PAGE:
9. A multistage variable impedance device comprising: a support, first switch means including a pair of relatively movable sections, first impedance means mounted on one section of the first switch means, contact means, mounted on the other section of the first switch means for selective engagement with the first impedance means, operating means mounted for movement on the support and connected to one section of the first switch means, means releasably interengaging the pair of sections of the first switch means for maintaining said sections in relative fixed position after a predetermined movement of the section connected to the operating means, second switch means including a section mounted for movement independently of the relative movement of the sections of the first'switch means, second impedance means mounted on said section of the second switch means, contact means mounted for movement with the section of the first switch means carrying the first impedance means and arranged for selective engagement with the second impedance means, conductor means interconnecting the first impedance means and the last named contact means, means releasably interengaging said movable section of the second switch means and the section of the first switch means carrying the first impedance means for moving said sections simultaneously after a predetermined movement of the section of the first switch means carrying the first impedance means, third switch means including a fixed section mounted on the support, third impedance means mounted on the fixed section of the third switch means, contact means mounted for movement with the section of the second switch means carrying the second im pedance means and arranged for selective engagement with the third impedance means, and conductor means interconnecting the second impedance means and the last named contact means.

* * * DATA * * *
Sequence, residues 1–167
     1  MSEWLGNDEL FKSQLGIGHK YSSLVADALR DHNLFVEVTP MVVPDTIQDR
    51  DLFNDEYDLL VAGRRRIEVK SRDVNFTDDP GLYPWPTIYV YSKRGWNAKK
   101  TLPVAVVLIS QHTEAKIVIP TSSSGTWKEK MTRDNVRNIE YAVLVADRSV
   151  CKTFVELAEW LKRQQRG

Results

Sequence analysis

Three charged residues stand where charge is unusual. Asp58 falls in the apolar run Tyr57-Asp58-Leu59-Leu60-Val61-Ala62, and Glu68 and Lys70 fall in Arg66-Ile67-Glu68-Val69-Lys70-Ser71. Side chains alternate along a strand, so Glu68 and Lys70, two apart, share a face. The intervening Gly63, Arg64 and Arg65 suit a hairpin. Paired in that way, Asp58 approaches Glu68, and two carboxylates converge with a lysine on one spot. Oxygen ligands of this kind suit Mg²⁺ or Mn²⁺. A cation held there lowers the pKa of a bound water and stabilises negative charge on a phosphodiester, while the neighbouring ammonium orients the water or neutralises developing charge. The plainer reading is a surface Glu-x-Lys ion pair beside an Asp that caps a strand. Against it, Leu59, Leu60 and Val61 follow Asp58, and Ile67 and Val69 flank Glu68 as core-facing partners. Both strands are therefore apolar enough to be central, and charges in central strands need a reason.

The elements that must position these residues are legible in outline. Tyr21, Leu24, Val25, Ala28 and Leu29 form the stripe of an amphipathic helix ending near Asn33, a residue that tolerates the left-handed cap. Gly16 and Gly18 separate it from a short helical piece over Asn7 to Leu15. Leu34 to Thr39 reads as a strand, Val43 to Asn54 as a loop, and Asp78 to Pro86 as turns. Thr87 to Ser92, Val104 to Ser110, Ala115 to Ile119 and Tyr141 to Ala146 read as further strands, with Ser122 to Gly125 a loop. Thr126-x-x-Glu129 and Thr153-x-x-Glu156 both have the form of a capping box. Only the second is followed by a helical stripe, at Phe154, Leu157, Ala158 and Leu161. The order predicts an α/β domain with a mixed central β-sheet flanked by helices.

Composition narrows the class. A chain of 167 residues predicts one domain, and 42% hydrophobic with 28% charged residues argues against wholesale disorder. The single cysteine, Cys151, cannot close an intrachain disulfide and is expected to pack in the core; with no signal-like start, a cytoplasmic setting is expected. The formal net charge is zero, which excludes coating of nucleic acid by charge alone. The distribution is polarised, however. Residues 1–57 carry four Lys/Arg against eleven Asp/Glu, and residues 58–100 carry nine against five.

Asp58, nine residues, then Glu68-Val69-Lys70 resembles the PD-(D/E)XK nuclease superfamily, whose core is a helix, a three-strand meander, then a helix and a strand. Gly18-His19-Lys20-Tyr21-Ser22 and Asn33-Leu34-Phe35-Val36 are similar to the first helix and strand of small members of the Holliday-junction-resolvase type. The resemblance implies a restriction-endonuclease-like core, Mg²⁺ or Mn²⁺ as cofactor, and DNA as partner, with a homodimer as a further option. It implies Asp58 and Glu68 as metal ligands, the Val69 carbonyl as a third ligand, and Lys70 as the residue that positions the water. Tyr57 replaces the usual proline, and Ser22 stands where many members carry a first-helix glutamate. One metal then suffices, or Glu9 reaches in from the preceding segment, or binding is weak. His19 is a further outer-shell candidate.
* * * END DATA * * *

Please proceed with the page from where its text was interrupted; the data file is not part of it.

10. The device of claim 9 including holding means engaging the switch sections carrying the impedance means to prevent their movement as the associated contact means moves relative thereto.